For the first time after years of frustrating failures, a rigorous study has found that a blood test for ovarian cancer can save lives, scientists running the largest-ever such trial reported on Thursday in the Lancet.
The screening test — for a blood protein linked to ovarian cancer — was far from perfect, failing to detect a large fraction of ovarian cancers and flagging as possible cancers some physiological changes that were benign, as scores of women found out after they had their ovaries surgically removed. Even more women whose ovarian cancer was detected early died anyway. But the finding that screening can avert one in five deaths from ovarian cancer, nevertheless, offered a long-sought ray of hope for a disease that kills some 60 percent of its victims within five years of diagnosis.
“It’s not time to go off to the races yet and make this screening routine, but these results do lift our eyes to a horizon where it’s possible to effectively screen for ovarian cancer,” said Robert Smith, director of cancer screening at the American Cancer Society, who was not involved in the study.
Risk of false alarms
The 14-year UK Collaborative Trial of Ovarian Cancer Screening, led by researchers at University College London, was the last real hope for women, physicians, and scientists searching for a way to identify ovarian cancers early, when treatment (surgery, chemotherapy, radiation, hormone therapy) is more likely to succeed. In general, only 30 percent of women with ovarian cancer are diagnosed early, usually from symptoms such as abdominal bloating, pain, or lumps.
A 2007 study failed to find that testing for the blood protein called CA-125 detected ovarian cancer significantly earlier than no screening. That study has not yet reported whether CA-125 screening saved lives. A 2011 study called the Prostate, Lung, Colorectal, and Ovarian trial did not find that screening detected cancers earlier, let alone help more women survive the disease.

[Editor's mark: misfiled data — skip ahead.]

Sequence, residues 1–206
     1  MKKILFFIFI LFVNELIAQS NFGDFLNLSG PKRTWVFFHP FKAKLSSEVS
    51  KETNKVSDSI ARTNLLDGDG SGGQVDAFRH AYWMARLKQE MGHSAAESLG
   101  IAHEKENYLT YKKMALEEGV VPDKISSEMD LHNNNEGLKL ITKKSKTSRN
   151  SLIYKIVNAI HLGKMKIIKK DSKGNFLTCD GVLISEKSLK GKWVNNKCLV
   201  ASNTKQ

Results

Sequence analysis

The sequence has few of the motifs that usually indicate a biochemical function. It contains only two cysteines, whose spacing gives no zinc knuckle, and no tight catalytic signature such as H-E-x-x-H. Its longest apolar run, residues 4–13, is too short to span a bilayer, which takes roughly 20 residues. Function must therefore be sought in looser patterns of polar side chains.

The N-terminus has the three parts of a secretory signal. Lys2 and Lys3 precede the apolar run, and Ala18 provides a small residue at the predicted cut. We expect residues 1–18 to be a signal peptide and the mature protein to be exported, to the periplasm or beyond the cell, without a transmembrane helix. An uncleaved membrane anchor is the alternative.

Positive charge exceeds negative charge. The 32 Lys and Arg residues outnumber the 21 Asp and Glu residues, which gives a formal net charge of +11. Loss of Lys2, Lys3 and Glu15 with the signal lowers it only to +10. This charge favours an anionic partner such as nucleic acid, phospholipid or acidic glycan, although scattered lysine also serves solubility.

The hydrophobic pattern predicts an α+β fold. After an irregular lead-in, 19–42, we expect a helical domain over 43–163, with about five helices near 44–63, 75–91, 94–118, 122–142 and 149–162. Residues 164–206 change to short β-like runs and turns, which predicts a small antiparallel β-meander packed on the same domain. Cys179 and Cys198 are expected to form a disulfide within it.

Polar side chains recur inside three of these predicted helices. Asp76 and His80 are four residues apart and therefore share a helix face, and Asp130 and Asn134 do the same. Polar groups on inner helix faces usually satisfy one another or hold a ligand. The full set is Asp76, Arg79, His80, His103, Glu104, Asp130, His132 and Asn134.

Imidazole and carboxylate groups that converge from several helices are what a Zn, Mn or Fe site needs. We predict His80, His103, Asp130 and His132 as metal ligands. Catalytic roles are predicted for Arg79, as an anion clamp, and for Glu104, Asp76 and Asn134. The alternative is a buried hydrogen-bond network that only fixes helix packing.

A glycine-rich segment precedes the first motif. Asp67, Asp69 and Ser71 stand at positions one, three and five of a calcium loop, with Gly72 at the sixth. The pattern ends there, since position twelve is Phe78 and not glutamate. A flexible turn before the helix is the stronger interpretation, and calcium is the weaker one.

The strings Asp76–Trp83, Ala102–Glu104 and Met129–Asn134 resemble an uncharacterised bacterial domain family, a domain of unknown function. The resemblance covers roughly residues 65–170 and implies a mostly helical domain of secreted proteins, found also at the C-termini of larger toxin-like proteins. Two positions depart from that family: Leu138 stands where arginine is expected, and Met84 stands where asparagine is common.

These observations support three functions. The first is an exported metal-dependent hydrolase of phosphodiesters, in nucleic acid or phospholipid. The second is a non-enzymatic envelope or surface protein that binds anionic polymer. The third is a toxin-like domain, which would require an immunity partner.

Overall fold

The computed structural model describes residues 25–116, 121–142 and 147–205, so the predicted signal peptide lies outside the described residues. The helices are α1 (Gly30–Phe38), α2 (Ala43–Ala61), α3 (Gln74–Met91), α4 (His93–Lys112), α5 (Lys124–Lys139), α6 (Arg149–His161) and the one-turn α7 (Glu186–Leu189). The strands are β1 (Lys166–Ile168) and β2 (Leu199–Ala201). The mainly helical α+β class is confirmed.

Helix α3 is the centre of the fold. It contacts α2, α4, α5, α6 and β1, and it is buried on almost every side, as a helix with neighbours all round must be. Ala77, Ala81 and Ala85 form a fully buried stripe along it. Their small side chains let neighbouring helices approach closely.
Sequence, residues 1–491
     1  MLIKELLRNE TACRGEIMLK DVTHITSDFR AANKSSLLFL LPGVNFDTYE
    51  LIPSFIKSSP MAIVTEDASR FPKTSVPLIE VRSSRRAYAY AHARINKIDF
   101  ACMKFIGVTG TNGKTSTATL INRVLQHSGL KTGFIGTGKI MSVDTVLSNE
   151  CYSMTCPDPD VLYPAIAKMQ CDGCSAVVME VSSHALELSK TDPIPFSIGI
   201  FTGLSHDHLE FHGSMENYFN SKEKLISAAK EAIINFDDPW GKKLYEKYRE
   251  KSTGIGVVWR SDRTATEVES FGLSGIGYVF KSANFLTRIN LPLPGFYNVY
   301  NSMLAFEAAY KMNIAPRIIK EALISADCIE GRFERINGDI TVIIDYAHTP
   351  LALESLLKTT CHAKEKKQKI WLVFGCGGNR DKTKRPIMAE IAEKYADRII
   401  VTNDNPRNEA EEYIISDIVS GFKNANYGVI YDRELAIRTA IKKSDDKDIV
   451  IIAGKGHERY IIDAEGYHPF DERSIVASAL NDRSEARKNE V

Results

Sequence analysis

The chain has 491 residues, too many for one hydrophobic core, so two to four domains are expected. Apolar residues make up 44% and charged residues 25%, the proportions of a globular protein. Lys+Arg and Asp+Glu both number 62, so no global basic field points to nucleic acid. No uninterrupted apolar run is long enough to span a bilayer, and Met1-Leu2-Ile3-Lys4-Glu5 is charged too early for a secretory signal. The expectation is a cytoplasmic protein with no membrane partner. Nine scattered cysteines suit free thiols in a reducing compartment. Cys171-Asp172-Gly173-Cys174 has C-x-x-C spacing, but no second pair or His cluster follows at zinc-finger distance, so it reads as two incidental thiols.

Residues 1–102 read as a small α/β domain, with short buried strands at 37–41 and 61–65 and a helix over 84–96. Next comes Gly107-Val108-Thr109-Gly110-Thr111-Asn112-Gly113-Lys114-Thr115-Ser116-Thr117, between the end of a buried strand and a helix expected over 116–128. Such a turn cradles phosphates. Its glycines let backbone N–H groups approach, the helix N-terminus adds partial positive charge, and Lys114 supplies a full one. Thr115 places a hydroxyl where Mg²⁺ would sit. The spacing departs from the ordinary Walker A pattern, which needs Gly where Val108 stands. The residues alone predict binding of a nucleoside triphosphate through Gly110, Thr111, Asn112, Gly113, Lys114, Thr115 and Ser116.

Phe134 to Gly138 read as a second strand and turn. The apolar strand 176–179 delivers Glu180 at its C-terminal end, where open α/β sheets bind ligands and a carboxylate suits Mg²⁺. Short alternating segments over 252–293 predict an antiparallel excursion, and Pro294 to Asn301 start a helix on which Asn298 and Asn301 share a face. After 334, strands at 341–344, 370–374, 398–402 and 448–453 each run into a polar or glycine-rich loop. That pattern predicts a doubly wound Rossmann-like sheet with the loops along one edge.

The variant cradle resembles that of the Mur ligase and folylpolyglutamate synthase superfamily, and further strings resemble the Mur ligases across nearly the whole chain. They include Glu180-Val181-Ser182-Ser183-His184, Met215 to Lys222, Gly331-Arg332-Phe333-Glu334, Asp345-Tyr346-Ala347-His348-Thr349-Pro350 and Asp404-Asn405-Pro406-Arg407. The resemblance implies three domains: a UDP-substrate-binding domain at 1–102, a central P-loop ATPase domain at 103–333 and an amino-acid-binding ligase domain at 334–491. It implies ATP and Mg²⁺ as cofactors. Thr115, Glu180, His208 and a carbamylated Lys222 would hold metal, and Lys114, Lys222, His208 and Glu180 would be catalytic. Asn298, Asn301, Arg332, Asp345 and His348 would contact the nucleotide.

As a result of these and other negative findings, both private and government-sponsored medical groups strongly recommend against screening healthy women for ovarian cancer, warning that it doesn’t help and can hurt, mostly by raising false alarms. (Monitoring CA-125 levels in women already diagnosed with ovarian cancer, however, can track how well treatment is working.)
The UK trial was the only one left standing, and investigators were determined to give screening the best shot they could. In addition to enrolling more women — 202,638, ages 50 to 74 — than any other, they used a sophisticated algorithm to interpret the CA-125 results. Rather than using a blunt cutoff, interpreting any CA-125 level above that as a red flag (which the 2011 study did), it also factored in a woman’s age, risk of the disease, and other clues. “This algorithm improved the test’s sensitivity and especially its specificity,” said the cancer society’s Smith, making it less likely to miss real cancers or incorrectly flag absent ones.
The women were randomly assigned to one of three groups: annual transvaginal ultrasound, which tries to detect suspicious masses; an annual blood test for CA-125 plus ultrasound; or no screening.